Current Affairs Book Reviews (page 5)

CURRENT AFFAIRS
Released: Oct. 7, 2014

"A provocative and highly readable analysis."
The vice president for new initiatives of the Woodrow Wilson International Center for Scholars examines Americans' obsessive hope for the next great president. Read full book review >
CURRENT AFFAIRS
Released: Oct. 7, 2014

"An electrifying, empathetic work of journalism that makes a four-year-old story feel fresh."
The mind-boggling story of 33 Chilean miners trapped 2,000 feet underground for 10 weeks. Read full book review >

PUTIN'S KLEPTOCRACY by Karen Dawisha
BIOGRAPHY & MEMOIR
Released: Sept. 30, 2014

"The light of Dawisha's research penetrates a deep moral darkness, revealing something ugly—and dangerous."
A damning account of Vladimir Putin's rise to power and of the vast dimensions of the corruption—political and economic—that both reigns and rots in Russia. Read full book review >
CURRENT AFFAIRS
Released: Sept. 23, 2014

"Imagine a true-life, courtroom version of Heart of Darkness."
Here's a twist: the almost unbelievable tale of a human rights attorney every bit as conscienceless as the multinational he was suing. Read full book review >
BIOGRAPHY & MEMOIR
Released: Sept. 23, 2014

"An urgent report on the state of American aspirations and a haunting dispatch from forsaken streets."
Ambitious, moving tale of an inner-city Newark kid who made it to Yale yet succumbed to old demons and economic realities. Read full book review >

CURRENT AFFAIRS
Released: Sept. 23, 2014

"Comprehensive research underlies this compelling, highly emotional and profoundly important story."
A novelist and Pulitzer Prize-winning New York Times reporter explores with nearly Javert-ian persistence one of the early cases of traffic fatalities caused by texting while driving.
Read full book review >
THE UNDERGROUND GIRLS OF KABUL by Jenny Nordberg
CURRENT AFFAIRS
Released: Sept. 16, 2014

"An intelligent and timely exploration into contemporary Afghanistan."
A journalist's fascinating study of the Afghan subculture of young girls raised to be boys. Read full book review >
PREDATOR by Richard Whittle
CURRENT AFFAIRS
Released: Sept. 16, 2014

"For students of technological history and political wrangling alike, the book is endlessly interesting and full of implication."
They may soon be delivering this book to you, but for now, writes Woodrow Wilson Center global fellow Whittle in this follow-up to his excellent The Dream Machine: The Untold History of the Notorious V-22 Osprey (2010), drones are anything but your friends. Read full book review >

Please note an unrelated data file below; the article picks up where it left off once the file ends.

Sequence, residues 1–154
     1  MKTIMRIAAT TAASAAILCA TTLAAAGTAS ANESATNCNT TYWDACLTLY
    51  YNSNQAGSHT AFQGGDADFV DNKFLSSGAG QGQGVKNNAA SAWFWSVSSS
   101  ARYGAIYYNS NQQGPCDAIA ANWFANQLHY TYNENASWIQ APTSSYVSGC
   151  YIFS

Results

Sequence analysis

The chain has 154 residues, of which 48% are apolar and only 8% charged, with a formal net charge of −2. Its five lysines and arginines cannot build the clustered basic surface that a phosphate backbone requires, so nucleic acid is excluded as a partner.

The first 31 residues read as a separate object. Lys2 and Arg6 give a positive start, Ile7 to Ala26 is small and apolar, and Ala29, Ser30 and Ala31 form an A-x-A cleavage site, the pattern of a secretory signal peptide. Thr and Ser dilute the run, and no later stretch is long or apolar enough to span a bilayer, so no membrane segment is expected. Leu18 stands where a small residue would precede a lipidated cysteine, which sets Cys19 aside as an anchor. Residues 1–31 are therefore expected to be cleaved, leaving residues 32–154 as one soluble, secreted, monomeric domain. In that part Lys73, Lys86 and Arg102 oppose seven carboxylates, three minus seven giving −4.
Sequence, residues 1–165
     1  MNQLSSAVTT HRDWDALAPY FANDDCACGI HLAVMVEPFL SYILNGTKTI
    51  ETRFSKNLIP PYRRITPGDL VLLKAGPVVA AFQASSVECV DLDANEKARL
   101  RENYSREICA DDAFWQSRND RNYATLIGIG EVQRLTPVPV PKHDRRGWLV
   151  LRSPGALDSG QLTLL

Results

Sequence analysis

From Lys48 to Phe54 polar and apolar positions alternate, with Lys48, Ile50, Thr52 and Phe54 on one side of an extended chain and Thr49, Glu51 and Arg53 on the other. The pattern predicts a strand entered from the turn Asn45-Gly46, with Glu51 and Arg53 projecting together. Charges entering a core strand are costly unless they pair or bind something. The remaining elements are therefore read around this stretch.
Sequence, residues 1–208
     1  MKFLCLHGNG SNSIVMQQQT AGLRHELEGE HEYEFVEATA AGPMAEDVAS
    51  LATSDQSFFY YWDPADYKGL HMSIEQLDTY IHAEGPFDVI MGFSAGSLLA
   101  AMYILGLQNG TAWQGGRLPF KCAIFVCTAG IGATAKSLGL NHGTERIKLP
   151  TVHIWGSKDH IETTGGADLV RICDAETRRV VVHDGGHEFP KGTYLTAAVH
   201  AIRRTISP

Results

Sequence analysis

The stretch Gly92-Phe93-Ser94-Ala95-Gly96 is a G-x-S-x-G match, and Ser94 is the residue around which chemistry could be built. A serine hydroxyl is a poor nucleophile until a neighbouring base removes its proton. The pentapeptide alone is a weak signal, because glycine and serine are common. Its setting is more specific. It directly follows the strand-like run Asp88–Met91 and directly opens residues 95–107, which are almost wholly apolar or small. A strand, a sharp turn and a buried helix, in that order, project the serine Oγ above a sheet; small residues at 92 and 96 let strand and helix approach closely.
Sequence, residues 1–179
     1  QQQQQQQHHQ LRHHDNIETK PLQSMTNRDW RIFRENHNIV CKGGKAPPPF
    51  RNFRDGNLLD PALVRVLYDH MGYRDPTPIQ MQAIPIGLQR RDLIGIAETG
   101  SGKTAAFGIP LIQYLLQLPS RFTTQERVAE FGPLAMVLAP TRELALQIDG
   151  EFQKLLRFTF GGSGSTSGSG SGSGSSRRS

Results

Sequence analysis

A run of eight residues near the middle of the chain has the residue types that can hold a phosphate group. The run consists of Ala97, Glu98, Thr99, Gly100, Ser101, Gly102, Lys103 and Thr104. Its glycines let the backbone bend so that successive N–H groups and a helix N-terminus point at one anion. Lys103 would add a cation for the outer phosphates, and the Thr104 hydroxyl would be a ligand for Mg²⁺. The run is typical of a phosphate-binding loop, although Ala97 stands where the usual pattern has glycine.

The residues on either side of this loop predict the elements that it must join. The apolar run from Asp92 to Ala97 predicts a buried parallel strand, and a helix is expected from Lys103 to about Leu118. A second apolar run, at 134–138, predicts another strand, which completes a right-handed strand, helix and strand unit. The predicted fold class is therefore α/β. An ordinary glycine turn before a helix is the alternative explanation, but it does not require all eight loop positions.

THIS CHANGES EVERYTHING by Naomi Klein
CURRENT AFFAIRS
Released: Sept. 16, 2014

"A sharp analysis that is bound to be widely discussed, with all the usual suspects, depending on their politics, lining up to cheer or excoriate Klein."
A best-selling anti-globalization activist and author argues that surviving the climate emergency will require radical changes in how we live. Read full book review >
AFTER WE KILL YOU, WE WILL WELCOME YOU BACK AS HONORED GUESTS by Ted Rall
BIOGRAPHY & MEMOIR
Released: Sept. 2, 2014

"Even readers who do not share Rall's politics will find his reporting powerful and convincing."
A political agenda can't undermine the author's credibility as an observer who gets close to the Afghan people and sees what otherwise goes unreported. Read full book review >
THE INVISIBLE SOLDIERS by Ann Hagedorn
CURRENT AFFAIRS
Released: Sept. 2, 2014

"A brisk, disturbing account that adds to the sense that liberties taken in the war on terror have created long-term liabilities for American society."
A critique of the United States' fateful turn toward private military and security contractors as a consequence of the Iraq War. Read full book review >
HATE CRIMES IN CYBERSPACE by Danielle Keats Citron
CURRENT AFFAIRS
Released: Sept. 1, 2014

"Frightening and infuriating, this demand for legal accountability for Internet barbarism deserves widespread exposure and serious consideration."
An impassioned call for equal rights for women on the Internet. Read full book review >
Kirkus Interview
Bill Browder
author of RED NOTICE
March 24, 2015

Bill Browder’s Red Notice is a nonfiction political thriller about an American financier in the Wild East of Russia, the murder of his principled young tax attorney, and his mission to expose the Kremlin’s corruption. In 2007, a group of Russian law enforcement officers raided Browder’s offices in Moscow and stole $230 million of taxes that his fund’s companies had paid to the Russian government. Browder’s attorney Sergei Magnitsky investigated the incident and uncovered a sprawling criminal enterprise. A month after Sergei testified against the officials involved, he was arrested and thrown into pre-trial detention, where he was tortured for a year. On November 16, 2009, he was led to an isolation chamber, handcuffed to a bedrail, and beaten to death by eight guards in full riot gear. “It may be that ‘Russian stories never have happy endings,’ ” our reviewer writes about Red Notice, “but Browder’s account more than compensates by ferociously unmasking Putin’s thugocracy.” View video >